Background: Association between the apolipoprotein L1 gene (APOL1) and nephropathy has altered the epidemiology of chronic kidney disease. In addition, donor APOL1 genotypes play important roles in the time to allograft failure in kidneys transplanted from deceased donors and the safety of living kidney donation.
Methods: This article reviews genetic testing for inherited kidney disease in living kidney donors to improve donor safety. APOL1 genotyping in donors with recent African ancestry is considered.
Results: Based on current data, transplant physicians should discuss APOL1 genotyping with potential living kidney donors self-reporting recent African ancestry. Until results from APOL1 Long-term Kidney Transplant Outcomes Network ancillary studies are available, we present practical approaches from our experience for considering APOL1 genotyping in the living donor evaluation.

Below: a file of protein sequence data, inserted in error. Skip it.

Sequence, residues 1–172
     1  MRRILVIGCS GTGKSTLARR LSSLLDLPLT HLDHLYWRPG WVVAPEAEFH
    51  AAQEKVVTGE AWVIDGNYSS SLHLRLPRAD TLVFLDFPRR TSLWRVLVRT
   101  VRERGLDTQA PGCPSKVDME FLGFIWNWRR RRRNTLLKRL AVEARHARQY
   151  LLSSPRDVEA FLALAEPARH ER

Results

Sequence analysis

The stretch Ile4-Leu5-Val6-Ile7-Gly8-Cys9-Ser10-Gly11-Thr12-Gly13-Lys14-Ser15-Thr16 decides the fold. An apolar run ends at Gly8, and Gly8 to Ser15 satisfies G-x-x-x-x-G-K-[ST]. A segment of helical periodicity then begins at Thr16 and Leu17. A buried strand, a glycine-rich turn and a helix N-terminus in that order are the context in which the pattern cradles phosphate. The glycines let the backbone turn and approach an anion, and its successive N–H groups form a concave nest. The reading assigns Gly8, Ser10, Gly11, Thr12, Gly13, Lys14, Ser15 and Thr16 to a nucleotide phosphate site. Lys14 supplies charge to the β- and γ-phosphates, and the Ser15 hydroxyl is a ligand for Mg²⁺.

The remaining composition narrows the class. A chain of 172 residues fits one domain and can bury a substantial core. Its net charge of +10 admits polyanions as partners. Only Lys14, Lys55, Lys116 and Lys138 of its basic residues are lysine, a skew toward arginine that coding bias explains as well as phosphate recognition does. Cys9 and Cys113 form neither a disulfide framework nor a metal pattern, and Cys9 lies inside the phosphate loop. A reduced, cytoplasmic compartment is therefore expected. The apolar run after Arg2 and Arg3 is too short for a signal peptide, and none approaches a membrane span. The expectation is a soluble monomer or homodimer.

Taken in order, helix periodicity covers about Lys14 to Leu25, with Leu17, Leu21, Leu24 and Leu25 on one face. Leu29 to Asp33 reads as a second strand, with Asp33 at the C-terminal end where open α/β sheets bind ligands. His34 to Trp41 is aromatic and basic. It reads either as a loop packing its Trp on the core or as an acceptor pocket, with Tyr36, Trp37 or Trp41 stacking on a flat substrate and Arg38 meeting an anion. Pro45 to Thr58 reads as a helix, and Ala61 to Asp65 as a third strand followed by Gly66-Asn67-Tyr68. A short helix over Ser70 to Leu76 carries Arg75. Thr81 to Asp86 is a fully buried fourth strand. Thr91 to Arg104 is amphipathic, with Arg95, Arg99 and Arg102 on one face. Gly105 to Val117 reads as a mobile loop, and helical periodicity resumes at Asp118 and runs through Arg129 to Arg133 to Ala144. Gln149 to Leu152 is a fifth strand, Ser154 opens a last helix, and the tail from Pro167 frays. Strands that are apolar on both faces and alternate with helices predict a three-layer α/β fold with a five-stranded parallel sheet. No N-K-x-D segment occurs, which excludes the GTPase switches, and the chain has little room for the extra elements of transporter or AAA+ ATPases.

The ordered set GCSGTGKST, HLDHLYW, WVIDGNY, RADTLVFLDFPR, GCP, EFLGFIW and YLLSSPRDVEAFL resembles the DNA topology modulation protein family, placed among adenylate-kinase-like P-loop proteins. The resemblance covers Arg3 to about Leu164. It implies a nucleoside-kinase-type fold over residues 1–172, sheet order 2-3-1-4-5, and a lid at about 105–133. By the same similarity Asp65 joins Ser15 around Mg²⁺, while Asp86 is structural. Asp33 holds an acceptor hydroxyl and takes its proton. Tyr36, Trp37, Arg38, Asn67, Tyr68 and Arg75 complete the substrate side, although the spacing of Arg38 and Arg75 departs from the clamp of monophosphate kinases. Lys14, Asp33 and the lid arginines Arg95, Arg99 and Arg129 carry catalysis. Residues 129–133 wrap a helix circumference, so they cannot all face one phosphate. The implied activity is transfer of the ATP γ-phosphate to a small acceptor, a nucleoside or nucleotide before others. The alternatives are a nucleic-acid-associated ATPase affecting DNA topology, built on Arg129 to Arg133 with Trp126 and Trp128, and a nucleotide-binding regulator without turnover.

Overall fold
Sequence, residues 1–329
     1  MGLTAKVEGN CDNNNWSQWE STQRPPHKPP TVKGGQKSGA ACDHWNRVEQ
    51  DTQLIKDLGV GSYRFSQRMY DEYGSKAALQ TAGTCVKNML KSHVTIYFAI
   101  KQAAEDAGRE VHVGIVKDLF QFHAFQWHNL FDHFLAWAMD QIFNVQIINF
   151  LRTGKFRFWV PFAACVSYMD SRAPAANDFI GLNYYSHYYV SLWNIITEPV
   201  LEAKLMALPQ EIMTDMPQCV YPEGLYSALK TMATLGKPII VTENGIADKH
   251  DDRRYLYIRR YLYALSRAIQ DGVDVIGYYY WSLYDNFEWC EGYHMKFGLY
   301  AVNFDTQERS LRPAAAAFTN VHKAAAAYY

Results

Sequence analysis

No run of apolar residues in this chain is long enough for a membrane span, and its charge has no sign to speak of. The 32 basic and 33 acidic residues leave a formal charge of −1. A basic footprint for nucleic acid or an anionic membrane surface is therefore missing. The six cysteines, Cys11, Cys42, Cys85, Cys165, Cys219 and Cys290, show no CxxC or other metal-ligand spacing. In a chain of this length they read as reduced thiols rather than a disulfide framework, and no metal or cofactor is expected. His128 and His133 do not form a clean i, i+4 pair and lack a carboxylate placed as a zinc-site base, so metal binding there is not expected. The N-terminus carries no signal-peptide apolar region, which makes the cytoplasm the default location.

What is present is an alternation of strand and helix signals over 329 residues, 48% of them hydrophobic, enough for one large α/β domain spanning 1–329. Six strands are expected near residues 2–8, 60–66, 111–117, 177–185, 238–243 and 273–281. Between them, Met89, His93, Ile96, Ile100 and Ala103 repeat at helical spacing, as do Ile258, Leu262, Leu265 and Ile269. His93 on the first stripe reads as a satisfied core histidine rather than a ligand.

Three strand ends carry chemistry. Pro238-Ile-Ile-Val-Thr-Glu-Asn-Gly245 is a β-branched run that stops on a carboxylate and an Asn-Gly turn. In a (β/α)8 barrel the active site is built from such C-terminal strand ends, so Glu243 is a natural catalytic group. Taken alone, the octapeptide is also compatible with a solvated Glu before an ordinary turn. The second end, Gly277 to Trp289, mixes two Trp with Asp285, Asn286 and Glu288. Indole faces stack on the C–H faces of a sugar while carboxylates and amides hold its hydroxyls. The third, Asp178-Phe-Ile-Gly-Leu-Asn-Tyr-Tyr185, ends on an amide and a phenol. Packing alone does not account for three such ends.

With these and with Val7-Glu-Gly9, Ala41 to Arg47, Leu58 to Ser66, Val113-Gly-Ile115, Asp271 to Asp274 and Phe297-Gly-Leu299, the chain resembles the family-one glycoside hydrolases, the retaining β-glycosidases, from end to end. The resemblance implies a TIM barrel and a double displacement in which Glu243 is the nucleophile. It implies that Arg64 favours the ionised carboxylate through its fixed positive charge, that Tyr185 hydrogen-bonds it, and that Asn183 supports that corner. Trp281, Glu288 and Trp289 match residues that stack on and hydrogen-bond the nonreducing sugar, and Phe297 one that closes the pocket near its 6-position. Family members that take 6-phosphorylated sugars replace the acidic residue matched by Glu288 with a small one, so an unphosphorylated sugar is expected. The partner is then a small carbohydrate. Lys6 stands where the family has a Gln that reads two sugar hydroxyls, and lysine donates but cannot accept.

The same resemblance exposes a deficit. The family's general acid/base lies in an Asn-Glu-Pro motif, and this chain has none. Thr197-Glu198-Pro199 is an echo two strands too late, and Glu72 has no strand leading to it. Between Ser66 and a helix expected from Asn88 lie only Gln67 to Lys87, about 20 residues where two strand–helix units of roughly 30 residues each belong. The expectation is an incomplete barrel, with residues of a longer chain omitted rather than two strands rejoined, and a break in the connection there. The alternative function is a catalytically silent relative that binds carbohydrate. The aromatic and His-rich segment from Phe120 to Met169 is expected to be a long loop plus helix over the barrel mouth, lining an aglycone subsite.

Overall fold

Conclusions: Transplant physicians should inform potential living kidney donors at risk for APOL1-associated nephropathy about the gene and possibility of genetic testing early in the donor evaluation, well before scheduling the donor nephrectomy. Transplant programs must weigh risks of performing a donor nephrectomy in those with 2 APOL1 renal risk variants (high-risk genotypes), particularly younger individuals. Our program counsels kidney donors with APOL1 high-risk genotypes in the same fashion as with risk genotypes in other nephropathy genes. Because most African American kidney donor candidates lacking hypertension, proteinuria and reduced kidney function after workup will not possess APOL1 high-risk genotypes, genetic testing is unlikely to markedly increase donor declines and may reassure donors with regard to their long-term kidney outcomes, potentially increasing the number of African American donors.